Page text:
Despite falling short of goals in a Phase II trial, Neuraltus Pharmaceuticals saw enough evidence of efficacy in Lou Gehrig's disease patients on its experimental drug to push forward plans for a late-state study. Its decision to start the Phase III program next year underscores the critical need for new therapies against the muscle-disabling disorder.
The Palo Alto, CA-based biotech says that it didn't hit statistical significance in the pre-defined endpoints of the mid-stage study of 136 patients with Lou Gehrig's or amyotrophic lateral sclerosis (ALS). However, a post hoc analysis of the trial showed that 27% of patients on the higher of two doses of the company's candidate, NP001, had no disease progression for 6 months. When the company analyzed the data from the study with historic placebo responses, the efficacy in patients on that dose in the trial reached statistic significance.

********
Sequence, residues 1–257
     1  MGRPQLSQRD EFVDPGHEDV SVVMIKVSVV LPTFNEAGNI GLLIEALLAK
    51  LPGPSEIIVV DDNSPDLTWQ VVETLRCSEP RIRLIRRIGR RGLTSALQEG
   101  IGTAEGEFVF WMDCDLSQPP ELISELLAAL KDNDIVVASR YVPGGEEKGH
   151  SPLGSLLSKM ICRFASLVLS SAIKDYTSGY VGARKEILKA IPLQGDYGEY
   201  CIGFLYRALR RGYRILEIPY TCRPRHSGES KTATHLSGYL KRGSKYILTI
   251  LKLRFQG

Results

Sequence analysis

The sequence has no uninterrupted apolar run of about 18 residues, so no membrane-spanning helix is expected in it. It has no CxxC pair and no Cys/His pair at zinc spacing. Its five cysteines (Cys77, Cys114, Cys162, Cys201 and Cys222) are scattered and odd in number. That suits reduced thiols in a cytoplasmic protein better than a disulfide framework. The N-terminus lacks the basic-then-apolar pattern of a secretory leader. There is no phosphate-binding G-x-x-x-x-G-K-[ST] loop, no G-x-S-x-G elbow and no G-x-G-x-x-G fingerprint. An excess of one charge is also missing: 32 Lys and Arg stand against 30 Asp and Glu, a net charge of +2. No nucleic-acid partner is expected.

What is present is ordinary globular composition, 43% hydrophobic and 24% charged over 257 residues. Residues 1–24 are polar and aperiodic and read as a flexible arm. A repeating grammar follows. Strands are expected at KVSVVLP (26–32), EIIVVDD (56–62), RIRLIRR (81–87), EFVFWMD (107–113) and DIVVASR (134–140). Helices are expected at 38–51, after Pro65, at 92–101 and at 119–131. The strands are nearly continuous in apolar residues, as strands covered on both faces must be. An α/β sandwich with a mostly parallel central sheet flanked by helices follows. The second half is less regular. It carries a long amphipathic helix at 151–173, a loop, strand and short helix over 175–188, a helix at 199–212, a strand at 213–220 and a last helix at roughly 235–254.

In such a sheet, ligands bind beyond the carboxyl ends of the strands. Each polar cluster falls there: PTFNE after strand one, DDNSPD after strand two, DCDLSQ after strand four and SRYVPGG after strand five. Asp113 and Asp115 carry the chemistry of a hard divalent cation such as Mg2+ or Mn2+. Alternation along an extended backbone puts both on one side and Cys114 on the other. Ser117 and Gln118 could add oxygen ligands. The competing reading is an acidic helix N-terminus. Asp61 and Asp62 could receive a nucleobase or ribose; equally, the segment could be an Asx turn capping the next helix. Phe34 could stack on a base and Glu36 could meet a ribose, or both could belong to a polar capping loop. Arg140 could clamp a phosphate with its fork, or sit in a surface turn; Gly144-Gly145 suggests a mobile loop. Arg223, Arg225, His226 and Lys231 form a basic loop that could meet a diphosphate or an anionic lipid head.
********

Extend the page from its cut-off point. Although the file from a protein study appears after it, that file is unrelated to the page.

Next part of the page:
"ALS is a rare neurodegenerative disease that typically leads to respiratory failure and death within five years of diagnosis. The results from this study with NP001 are most encouraging, as halting or slowing the rate of disease progression, in a subset of patients, as this study suggests, would translate into a clear clinical benefit for these patients," Dr. Robert Miller, the principal investigator of the study from California Pacific Medical Center, said in the company's release.
In patients with ALS, even therapies with unproven or modest benefits are in demand. Earlier this year, in fact, do-it-yourselfers rallied to pursue further study of a version of NP001 even as doctors disapproved of the maneuver to sidestep sanctioned development. Short on existing options, patients are faced with a desperate search for new therapies. Biogen Idec ($BIIB) has an ALS drug in late-stage development, providing one potential new option for patients with the disease.
Still, Neuraltus wants to roll the dice that NP001 will be a winner in Phase III based on a mixed bag of data. Even when presented with an opportunity to address a major gap in treatment, it's a risky proposition to enter late-stage development on the strength of a Phase II study with some failures. And the company, which aims to begin the Phase III program in the second half of 2013, acknowledges that post hoc analyses can offer biased results.
- here's the release
- see the article from the San Francisco Business Times